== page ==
It’s a few months before senior year and Claire Kemp, a closeted bisexual, is finally starting to admit she might be falling in love with her best friend, Sophia, who she’s known since they were four.

Trying to pay off the fine from the crash that totals Lars, her beloved car, Claire takes a job at the local nursing home up the street from her house. There she meets Lena, an eighty-eight-year-old lesbian woman who tells her stories about what it was like growing up gay in the 1950s and ’60s.

As Claire spends more time with Lena and grows more confident of her identity, another girl, Pen, comes into the picture, and Claire is caught between two loves–one familiar and well-worn, the other new and untested.

A Million Quiet Revolutions

Image description: This is the cover of A Million Quiet Revolutions. The cover shows two trans boys surrounded by moths. One boy has brown skin and a hat and the other is painted orange-maroon and has glasses. The title “A Million Quiet Revolutions” is in the center.

A modern love story, told in verse, about two teenaged trans boys who name themselves after two Revolutionary War soldiers. A lyrical, aching young adult romance perfect for fans of The Poet X, Darius the Great is Not Okay, and Aristotle and Dante Discover the Universe.

A Million Quiet Revolutions in the Media


22 Books By Trans And Nonbinary Authors To Get Excited About In 2022 (BuzzFeed)

80 Queer and Feminist Books Coming Out Winter 2022 (AutoStraddle)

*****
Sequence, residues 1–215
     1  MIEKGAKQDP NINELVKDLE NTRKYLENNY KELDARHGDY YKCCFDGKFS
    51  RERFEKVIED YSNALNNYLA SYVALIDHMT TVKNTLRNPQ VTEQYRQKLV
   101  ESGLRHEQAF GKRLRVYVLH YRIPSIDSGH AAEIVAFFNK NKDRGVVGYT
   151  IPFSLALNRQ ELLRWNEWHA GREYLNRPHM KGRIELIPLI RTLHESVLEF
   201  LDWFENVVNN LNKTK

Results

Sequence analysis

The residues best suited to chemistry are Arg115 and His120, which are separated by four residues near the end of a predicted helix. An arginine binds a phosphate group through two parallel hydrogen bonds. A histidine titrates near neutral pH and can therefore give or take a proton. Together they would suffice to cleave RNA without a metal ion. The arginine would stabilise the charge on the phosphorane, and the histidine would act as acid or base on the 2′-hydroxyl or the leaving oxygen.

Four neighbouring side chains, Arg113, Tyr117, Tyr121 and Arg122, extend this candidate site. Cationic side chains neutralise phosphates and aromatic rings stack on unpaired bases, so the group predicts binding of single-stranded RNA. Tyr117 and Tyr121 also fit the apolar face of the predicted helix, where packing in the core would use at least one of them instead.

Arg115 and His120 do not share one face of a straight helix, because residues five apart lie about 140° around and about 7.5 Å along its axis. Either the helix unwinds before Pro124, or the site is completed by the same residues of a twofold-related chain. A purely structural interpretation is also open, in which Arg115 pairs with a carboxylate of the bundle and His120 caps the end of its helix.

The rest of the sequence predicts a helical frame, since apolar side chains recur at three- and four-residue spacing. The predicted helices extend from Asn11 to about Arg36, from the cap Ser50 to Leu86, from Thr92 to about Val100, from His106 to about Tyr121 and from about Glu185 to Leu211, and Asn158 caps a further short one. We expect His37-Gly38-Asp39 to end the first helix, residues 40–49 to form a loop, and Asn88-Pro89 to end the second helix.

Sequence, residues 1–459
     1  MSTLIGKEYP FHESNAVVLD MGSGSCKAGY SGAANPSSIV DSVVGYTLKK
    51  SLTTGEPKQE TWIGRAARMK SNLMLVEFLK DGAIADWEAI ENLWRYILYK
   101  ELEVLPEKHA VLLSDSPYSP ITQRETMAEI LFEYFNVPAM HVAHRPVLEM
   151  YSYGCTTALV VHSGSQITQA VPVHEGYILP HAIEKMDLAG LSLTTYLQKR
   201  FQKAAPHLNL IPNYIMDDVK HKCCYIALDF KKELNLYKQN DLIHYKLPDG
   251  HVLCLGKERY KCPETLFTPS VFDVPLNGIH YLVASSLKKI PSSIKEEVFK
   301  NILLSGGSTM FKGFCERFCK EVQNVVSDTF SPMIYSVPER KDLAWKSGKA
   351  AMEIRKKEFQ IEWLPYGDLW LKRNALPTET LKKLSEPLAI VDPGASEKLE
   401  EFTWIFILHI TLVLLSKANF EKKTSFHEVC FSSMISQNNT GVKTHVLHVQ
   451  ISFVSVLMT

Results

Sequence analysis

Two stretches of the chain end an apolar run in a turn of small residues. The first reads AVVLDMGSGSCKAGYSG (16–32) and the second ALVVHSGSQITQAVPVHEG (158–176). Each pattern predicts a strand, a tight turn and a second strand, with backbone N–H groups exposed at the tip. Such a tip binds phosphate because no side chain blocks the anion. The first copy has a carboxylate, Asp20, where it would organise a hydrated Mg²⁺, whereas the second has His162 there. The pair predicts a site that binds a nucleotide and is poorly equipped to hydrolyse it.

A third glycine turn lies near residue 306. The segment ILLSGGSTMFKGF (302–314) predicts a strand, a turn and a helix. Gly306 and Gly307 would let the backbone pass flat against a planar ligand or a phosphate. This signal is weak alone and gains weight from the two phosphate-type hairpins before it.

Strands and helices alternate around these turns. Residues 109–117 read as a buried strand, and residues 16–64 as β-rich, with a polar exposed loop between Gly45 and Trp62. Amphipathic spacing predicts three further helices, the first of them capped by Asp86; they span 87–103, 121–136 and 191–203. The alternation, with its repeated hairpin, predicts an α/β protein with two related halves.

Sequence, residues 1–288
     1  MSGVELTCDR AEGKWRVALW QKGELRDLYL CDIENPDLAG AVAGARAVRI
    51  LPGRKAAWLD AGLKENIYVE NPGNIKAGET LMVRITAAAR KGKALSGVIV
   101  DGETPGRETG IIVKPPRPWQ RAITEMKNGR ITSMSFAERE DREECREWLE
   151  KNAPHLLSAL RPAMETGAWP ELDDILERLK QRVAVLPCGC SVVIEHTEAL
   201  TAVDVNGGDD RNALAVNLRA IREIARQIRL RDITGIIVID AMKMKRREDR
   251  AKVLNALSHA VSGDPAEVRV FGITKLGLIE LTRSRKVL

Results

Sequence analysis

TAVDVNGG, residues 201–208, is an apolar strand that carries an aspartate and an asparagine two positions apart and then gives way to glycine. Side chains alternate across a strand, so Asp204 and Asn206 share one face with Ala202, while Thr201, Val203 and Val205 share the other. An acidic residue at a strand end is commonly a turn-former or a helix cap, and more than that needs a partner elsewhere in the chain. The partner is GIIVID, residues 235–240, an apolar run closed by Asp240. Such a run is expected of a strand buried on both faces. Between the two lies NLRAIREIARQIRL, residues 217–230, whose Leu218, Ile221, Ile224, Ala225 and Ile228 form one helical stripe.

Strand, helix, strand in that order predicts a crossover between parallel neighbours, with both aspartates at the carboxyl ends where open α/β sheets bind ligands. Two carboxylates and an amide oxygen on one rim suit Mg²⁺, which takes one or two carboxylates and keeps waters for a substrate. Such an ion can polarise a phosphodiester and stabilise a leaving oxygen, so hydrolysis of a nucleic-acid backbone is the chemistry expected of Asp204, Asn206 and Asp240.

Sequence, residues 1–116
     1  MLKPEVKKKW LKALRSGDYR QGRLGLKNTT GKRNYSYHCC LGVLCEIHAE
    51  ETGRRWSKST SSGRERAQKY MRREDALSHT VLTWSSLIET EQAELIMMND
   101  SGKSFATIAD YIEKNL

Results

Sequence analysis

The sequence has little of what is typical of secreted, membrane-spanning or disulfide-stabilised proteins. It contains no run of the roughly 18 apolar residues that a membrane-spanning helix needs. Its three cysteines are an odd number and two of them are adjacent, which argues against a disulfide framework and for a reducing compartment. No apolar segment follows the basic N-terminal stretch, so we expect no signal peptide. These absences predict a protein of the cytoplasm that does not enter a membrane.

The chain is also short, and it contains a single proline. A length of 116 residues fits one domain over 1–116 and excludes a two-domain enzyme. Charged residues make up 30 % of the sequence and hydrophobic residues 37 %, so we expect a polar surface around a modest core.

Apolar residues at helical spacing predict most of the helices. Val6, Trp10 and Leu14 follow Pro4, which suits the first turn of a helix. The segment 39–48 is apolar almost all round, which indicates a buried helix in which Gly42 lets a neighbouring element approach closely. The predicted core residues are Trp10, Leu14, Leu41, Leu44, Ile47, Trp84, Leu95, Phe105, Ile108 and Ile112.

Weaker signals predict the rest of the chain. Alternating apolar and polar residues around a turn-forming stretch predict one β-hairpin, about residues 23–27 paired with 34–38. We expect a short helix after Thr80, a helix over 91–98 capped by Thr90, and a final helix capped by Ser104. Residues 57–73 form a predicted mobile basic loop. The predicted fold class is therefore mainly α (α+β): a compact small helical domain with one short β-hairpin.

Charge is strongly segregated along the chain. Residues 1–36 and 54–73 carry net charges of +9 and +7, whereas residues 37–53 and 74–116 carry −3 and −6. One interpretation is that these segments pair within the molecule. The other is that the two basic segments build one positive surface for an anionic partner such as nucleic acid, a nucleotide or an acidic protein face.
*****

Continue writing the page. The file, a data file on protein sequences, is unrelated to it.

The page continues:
Must-Have 2022 Queer Book Releases (NerdDaily)


ReadWithPride: A Million Quiet Revolutions by Robin Gow (NerdDaily)

A sweet and highly earnest transgender love story.” (KIRKUS)

Publisher’s Weekly


Brian Zepka, Robin Gow, and Queer and Trans Representation in YA Literature | Q:LV

Adult Poetry and Essays

[Speculum] Envy

[Speculum] Envy explodes the concept of biological sex and culls the debris, asking what does it mean to be assigned a gender a birth as a body that refuses the binaries of both sex and gender? These speakers grapple with what is written on our bodies and what we will make with that writing. Through recollections of sex work, love, and gynecologist visits the speakers find joy, grief, and celebration often co-occurring and intertwining. When we think of Freudian Theory we usually think of penises but in this chapbook, it’s applied to explore queer/trans relationships to genitalia. 

Blue Blood

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Image description: this is the cover of Blue Blood. The image shows a white chair with a pink balloon tied to it.

We All Begin In Water And Are Called Back To The Water. Blue Blood Challenges The Rhetoric That Trans People Are “Unnatural” Through Captivating Verses About Metamorphosis And Meditations On The Concept Of Home. Robin Gow Invites Readers To Resist Imposed Gender Roles And To Celebrate Identity; To Question What Their Own Body Means To Them.